Inside The Lucid-Dreaming Craze
By Benjamin Svetkey
Photograph by Peter Rad
In lucid dreaming, every night offers up the ultimate choose-your-own-adventure—a dreamscape confined only by the limits of your imagination and entirely under your control. The horizon-expanding results are often felt long after you’ve awoken. Which is why a growing number of LD practitioners aren’t just having more fun in bed—they’re using their dreams to get ahead.
I’m lost in the woods. It’s nighttime. The light of a full moon shows me I’m surrounded by menacing-looking trees, curiously similar to the ones that pelted Dorothy with apples in The Wizard of Oz. Then I spot it, smack in the middle of the forest—a brightly lit office cubicle with a laptop inside. “That’s funny,” I say to myself. “You don’t usually see office cubes in the woods.” Suddenly it hits me: The cubicle is my dream sign, a signal to my subconscious that I’m actually asleep, that everything around me is a projection of my imagination. After weeks of practice, of studying ancient Tibetan dream techniques, of wearing a special sleep mask that flashed lights in my eyes in the middle of the night, of ingesting questionable subconsciousness-raising drugs purchased from untrustworthy sources over the Internet, I’m finally doing it. I’m having my first lucid dream.
This clarity hits me even within my dream state. I’m so thrilled by the revelation, I plop myself down in the cubicle and start typing. Yes, I wrote this story in my sleep.
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This is merely one manifestation of the state of being known as lucid dreaming. You’re asleep. You’re dreaming. But you’re aware it’s a dream—unconscious but conscious (or is it vice versa?). On the one hand, this is a common enough phenomenon—one study concluded that as many as 70 percent of people experience lucid dreaming at least once in their lifetime. On the other, the ability to have lucid dreams on demand can be a difficult skill to acquire. A growing army of LD practitioners are training their sleeping brains to take maximum advantage of that lucid state, learning to control it in search of a mind-blowing natural trip. Imagine turning the inside of your head into the ultimate virtual-reality chamber, living out your deepest, most daring fantasies and desires, all without ever leaving your bed. Go ahead, fly to Zanzibar in your underwear. Play guitar like Jimi Hendrix—with Jimi Hendrix. Steer yourself not to a cubicle but to the corner office. Have sex with a supermodel. Or two supermodels. Literally anything you can imagine is possible in a lucid dream, because you have the keys to your subconscious.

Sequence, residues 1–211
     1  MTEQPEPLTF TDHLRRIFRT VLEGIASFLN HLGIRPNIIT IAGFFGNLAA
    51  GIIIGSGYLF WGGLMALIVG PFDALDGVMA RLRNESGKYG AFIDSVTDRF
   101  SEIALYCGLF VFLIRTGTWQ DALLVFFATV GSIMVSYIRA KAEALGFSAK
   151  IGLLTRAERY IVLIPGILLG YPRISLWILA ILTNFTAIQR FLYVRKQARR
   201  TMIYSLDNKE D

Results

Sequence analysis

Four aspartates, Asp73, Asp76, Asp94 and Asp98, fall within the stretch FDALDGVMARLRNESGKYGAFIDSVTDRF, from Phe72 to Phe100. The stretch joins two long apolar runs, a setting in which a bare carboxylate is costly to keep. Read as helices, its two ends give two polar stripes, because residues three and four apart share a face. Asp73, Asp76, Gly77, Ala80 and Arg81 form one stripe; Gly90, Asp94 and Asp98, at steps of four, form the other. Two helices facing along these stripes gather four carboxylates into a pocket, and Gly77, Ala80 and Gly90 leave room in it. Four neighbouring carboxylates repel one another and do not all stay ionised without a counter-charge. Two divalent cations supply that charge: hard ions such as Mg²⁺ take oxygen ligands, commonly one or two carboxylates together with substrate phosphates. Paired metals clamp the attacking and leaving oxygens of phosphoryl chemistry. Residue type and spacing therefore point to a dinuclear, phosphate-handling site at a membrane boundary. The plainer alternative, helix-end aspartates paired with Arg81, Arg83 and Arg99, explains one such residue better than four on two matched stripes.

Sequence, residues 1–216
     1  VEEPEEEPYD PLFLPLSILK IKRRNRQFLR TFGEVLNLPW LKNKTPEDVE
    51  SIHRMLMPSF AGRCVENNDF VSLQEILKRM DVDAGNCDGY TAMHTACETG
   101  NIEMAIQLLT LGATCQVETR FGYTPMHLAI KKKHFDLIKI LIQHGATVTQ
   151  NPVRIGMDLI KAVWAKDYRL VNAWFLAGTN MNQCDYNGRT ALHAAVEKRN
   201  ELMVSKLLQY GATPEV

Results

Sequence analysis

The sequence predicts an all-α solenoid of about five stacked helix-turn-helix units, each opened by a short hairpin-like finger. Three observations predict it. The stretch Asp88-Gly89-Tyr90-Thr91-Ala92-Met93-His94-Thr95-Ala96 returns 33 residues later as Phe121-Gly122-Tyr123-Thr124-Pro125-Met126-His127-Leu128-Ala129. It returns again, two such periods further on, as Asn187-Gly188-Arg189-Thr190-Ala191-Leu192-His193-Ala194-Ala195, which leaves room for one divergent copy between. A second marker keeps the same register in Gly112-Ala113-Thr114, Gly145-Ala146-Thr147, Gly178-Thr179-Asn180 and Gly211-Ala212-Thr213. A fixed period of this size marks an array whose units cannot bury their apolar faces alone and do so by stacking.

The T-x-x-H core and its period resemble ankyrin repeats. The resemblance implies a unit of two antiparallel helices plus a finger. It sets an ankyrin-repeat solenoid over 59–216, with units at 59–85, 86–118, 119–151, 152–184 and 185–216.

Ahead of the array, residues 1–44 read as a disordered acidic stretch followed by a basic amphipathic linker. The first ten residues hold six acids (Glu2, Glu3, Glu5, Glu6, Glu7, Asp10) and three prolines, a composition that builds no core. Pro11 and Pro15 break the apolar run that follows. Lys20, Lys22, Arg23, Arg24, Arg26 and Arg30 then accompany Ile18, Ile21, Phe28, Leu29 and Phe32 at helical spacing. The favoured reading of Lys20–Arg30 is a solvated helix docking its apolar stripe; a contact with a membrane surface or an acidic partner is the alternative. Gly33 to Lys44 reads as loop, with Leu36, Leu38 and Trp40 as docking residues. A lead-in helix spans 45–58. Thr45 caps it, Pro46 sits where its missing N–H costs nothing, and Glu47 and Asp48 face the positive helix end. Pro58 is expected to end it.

Of course, the desire to control one’s dreams is as old as dreaming itself, and unlocking the secret to lucid dreaming has long been a goal of philosophers, theologians, and scientists. Aristotle was said to have dabbled in it. Saint Augustine wrote about it. Eighth-century Buddhist monks devoted lifetimes to teaching a form of lucid dreaming known as dream yoga. Your hippie parents might have experimented with it at Esalen in the 1970s. But unlike many other New Age fads, lucid dreaming has a strong scientific foundation. And over the past 30 years, study after study has shown that lucid dreaming can have a profound impact on waking life. Researchers in Canada are using LD as a treatment for post-traumatic stress disorder. Sleep scientists in Germany are studying its applications for sports training—to improve both focus and performance in athletes. Closer to home, a doctor at a VA hospital in Los Angeles published a paper in January detailing the case of a patient with a 22-year history of chronic pain who cured himself overnight with a single lucid dream. “I’m no expert on lucid dreams,” says Dr. Mauro Zappaterra. “But the man woke up with no pain. He said it was like his brain had shut down and rebooted. A few days later, he walks into the VA pharmacy and actually returns his medication—300 tabs of levorphanol. To me that’s pretty convincing evidence.”